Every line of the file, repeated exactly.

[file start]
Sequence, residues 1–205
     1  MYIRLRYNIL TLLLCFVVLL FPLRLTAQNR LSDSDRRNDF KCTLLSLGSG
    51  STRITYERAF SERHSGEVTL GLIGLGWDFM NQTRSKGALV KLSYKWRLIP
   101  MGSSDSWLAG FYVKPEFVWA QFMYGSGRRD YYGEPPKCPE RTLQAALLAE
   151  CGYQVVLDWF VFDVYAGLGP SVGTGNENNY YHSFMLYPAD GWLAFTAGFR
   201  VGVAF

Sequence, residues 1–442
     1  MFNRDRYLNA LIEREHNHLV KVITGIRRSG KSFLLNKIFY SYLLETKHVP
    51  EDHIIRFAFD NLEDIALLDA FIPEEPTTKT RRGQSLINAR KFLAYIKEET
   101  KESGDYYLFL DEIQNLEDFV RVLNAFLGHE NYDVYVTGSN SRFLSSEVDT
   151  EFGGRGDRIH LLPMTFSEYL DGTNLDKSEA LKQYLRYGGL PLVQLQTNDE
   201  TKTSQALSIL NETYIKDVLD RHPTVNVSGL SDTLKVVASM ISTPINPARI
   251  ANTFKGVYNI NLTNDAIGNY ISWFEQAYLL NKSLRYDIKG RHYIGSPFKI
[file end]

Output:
Sequence, residues 1–205
     1  MYIRLRYNIL TLLLCFVVLL FPLRLTAQNR LSDSDRRNDF KCTLLSLGSG
    51  STRITYERAF SERHSGEVTL GLIGLGWDFM NQTRSKGALV KLSYKWRLIP
   101  MGSSDSWLAG FYVKPEFVWA QFMYGSGRRD YYGEPPKCPE RTLQAALLAE
   151  CGYQVVLDWF VFDVYAGLGP SVGTGNENNY YHSFMLYPAD GWLAFTAGFR
   201  VGVAF

Sequence, residues 1–442
     1  MFNRDRYLNA LIEREHNHLV KVITGIRRSG KSFLLNKIFY SYLLETKHVP
    51  EDHIIRFAFD NLEDIALLDA FIPEEPTTKT RRGQSLINAR KFLAYIKEET
   101  KESGDYYLFL DEIQNLEDFV RVLNAFLGHE NYDVYVTGSN SRFLSSEVDT
   151  EFGGRGDRIH LLPMTFSEYL DGTNLDKSEA LKQYLRYGGL PLVQLQTNDE
   201  TKTSQALSIL NETYIKDVLD RHPTVNVSGL SDTLKVVASM ISTPINPARI
   251  ANTFKGVYNI NLTNDAIGNY ISWFEQAYLL NKSLRYDIKG RHYIGSPFKI